In 1997, Newsweek magazine carried a major
story on “lost children” in America. These were children
born in poverty and in broken households; they were more likely
than not to drop out of school, out of step and then out of society
At the time, that number exceeded 15 million little souls. The number
would double in two decades, the story predicted, unless states
and churches, agencies and academies gave children a new priority.
The Center for the Interdisciplinary Study of Religion at Emory
(CISR) is giving children a new priority in a major three-year study
on “Saving Our Children: The Role of State, Church and the
Arts.” This project, which began in August, will involve two
dozen senior faculty from across campus, including the School of
Law’s new Woodruff Professor, Martha Fineman, as well as law
professors Frank Alexander, Michael Broyde, Johan van der Vyver
and Karen Worthington. The project will be led by CISR Director
John Witte and Martin Marty, Woodruff Visiting Professor of Interdisciplinary
“Saving Our Children” will involve an intense faculty
seminar and four or five public forums each year, and will culminate
in a major international conference in 2006 as well as a new series
The project builds, in part, on the momentum of CISR’s first
project on “Sex, Marriage and Family & the Religions of
the Book,” which aimed to summon the wisdom of Judaism, Christianity
and Islam for their enduring insights into hard questions surrounding
sex, marriage and family life. These questions addressed marital
formation, maintenance and dissolution; children’s care, control
and custody; sexual identity, performance and expression; intergenerational
rights, duties and expectations, and more. The project now is in
its research and writing phase, with 30 new volumes in press or
“Saving Our Children,” as the name implies, focuses
more specifically on children.
“Children were not absent from our first project,” Witte
said, “but they were often treated incidentally or instrumentally.
We were mostly concerned with children as the goals of marriage
and sex, the objects of contraception and abortion, the subjects
of affection or abuse, the models of innocence and piety, the gravamens
of separation or divorce, and more.”
The new project focuses on children as children—in their being
and becoming, in their birth and growth. It will study the rites
and rights attached to birthing and naming, baptism and circumcision,
education and discipline. It will study the steps and stages in
a child’s physical, emotional, sexual, moral and spiritual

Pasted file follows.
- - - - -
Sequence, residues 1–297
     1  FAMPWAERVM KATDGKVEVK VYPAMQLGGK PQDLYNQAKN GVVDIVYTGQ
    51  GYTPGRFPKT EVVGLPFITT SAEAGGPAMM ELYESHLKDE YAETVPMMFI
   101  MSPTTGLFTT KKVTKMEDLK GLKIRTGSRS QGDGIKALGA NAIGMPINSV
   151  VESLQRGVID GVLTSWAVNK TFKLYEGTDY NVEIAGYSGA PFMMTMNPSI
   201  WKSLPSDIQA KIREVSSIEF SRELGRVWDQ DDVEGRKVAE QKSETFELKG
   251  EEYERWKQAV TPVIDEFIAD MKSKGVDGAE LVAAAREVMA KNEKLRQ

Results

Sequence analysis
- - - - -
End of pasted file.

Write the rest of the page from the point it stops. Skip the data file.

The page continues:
formation, as well as the rituals and ordeals, and the rights and
responsibilities, attached to each.
Further, the project will examine the pathos of child abuse and
rape, child poverty and homelessness, juvenile delinquency and violence,
and illegitimacy and infanticide. Finally, the project will look
at the mystery of the child—that combination of innocence
and imagination, acuity and candor, empathy and healing, and sharing
and caring that uniquely become a child.
Like other CISR projects, “Saving Our Children” will
be interdisciplinary in methodology, drawing especially on the insights
and methods of law, theology and the humanities. It will be interreligious
in inspiration, looking at the teachings and practices of Christianity,
Judaism and the Enlightenment. And the project will be international
in orientation, placing the American discussion of the child in
an emerging global conversation.
As part of “Saving Our Children,” Marty will host the
Family Forum Series, a schedule of public lectures, headlined by
former President Jimmy Carter, running throughout 2003–04
and centering around the theme of children. Joining Carter in the
series will be Fineman, former CDC Director William Foege and Habitat
for Humanity Founder Millard Fuller. Scheduled lectures include:
Sept. 22: “Who Cares for the Children?”
Presented by Browning and Fineman. Noon–1:30 p.m.
Oct. 14: “What Happens to Children in Peril?”
Presented by Carter and Marty. 2–3:15 p.m.
Oct. 27: “Children: Will We Ever Get It Right?”
(Currie Lecture) Presented by Foege. Noon–1:30 p.m.; a reception
will precede the lecture, starting at 11:30 a.m.
Feb. 17: “Where Do the Children Live?”
(Decalogue Lecture) Presdented by Fuller and Marty. Time TBA.
All Family Forum Series lectures will be held in the law school’s
Tull Auditorium. For more information on the series or on “Saving
the Children,” call CISR at 404-712-8713.